The San Francisco Chronicle and several other long-established US print publications known for their wine coverage are in imminent danger of folding.
As in the UK and Europe, the printed wine word is fast disappearing in the US as free internet sites, sharp plunges in ads and the eroding economy take their toll.
The San Francisco Chronicle, whose wine coverage has been considered the best on the West Coast, will be sold or closed if drastic cost savings cannot be wrested from its unions in the near future.
The 145-year-old daily is owned by the Hearst Corporation. If the paper folds, wine editor Jon Bonné’s byline could disappear unless the content was shifted to a website.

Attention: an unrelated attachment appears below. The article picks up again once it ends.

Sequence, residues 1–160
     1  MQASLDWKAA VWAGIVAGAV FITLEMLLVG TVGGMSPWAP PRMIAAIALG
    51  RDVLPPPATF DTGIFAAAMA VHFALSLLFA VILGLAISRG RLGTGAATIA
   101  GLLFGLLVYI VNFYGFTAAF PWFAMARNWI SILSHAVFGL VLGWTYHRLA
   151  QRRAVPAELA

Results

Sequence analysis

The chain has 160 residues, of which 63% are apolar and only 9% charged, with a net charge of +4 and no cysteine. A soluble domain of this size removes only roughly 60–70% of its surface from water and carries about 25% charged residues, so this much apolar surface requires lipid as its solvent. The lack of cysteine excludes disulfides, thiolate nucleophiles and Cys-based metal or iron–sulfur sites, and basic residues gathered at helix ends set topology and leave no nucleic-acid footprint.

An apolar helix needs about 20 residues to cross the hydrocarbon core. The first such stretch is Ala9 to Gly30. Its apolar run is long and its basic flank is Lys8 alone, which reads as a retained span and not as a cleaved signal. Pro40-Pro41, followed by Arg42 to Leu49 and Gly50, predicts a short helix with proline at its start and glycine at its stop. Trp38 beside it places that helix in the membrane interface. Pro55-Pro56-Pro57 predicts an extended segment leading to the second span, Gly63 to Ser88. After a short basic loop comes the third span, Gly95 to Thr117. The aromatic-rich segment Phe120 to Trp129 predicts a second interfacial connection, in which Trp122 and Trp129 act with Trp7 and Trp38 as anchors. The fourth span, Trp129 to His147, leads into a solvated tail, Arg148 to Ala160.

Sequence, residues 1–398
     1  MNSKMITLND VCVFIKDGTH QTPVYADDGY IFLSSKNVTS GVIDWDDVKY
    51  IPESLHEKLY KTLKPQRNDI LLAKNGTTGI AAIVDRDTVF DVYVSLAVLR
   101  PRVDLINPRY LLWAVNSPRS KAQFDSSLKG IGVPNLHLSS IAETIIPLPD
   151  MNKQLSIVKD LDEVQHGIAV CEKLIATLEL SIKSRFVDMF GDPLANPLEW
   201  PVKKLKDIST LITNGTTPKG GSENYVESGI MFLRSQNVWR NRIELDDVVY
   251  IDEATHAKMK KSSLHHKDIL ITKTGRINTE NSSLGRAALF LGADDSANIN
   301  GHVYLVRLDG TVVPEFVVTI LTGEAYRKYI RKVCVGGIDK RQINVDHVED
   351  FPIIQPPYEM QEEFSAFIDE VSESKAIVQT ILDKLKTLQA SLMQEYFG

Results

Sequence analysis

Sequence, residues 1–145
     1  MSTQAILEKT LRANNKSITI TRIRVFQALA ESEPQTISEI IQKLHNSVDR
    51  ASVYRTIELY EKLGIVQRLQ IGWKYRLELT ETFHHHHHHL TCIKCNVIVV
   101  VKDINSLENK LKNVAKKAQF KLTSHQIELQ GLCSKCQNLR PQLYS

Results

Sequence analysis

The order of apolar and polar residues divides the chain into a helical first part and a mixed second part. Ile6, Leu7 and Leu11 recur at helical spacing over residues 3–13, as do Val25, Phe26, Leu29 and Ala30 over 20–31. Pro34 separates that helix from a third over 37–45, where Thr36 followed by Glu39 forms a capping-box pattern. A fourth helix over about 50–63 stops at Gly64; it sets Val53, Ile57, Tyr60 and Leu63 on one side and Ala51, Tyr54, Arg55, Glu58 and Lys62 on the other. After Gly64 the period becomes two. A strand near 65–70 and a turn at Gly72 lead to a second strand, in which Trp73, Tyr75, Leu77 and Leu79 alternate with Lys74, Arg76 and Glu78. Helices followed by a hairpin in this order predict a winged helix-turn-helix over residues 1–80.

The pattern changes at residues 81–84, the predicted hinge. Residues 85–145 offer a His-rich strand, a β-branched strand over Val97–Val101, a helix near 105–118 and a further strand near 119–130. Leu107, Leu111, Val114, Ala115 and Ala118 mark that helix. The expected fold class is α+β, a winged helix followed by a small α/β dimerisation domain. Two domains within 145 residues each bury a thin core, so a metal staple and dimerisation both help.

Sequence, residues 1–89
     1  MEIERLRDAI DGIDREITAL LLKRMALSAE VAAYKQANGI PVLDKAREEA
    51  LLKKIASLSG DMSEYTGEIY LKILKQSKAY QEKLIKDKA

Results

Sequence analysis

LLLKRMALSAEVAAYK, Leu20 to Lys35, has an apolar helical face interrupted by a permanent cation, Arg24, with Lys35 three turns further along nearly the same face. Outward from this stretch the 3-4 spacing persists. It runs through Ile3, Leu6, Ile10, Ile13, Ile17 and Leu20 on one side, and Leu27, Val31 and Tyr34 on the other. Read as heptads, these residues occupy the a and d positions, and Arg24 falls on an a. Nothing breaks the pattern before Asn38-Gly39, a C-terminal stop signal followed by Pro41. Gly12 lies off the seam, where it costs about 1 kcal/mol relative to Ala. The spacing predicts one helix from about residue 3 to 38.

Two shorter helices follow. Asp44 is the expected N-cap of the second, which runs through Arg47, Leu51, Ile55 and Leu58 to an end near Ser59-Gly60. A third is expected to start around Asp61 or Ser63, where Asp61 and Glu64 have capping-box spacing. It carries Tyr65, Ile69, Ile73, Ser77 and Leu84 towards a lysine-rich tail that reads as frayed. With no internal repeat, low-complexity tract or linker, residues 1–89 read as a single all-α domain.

Hearst said in January that if a buyer for its Seattle Post-Intelligencer could not be located by March it would shut that money-draining daily, too. The paper’s wine columnist, Richard Kinssies, is well known in the Pacific Northwest.
New York City’s wine world was jolted by lay-off of Lettie Teague, executive wine editor of Food & Wine – the national monthly published by American Express. Teague is to continue her column, titled Wine Matters, but not as a full-time staff member.
Gourmet magazine, Condé Nast’s national monthly, has experienced a steep decline in ad pages and its future is reportedly uncertain. Its website, however, attracts sizable interest. Gourmet’s wine content is written by drinks editor James Rodewald and contributing editor Gerald Asher.
Written by Howard G Goldberg in New York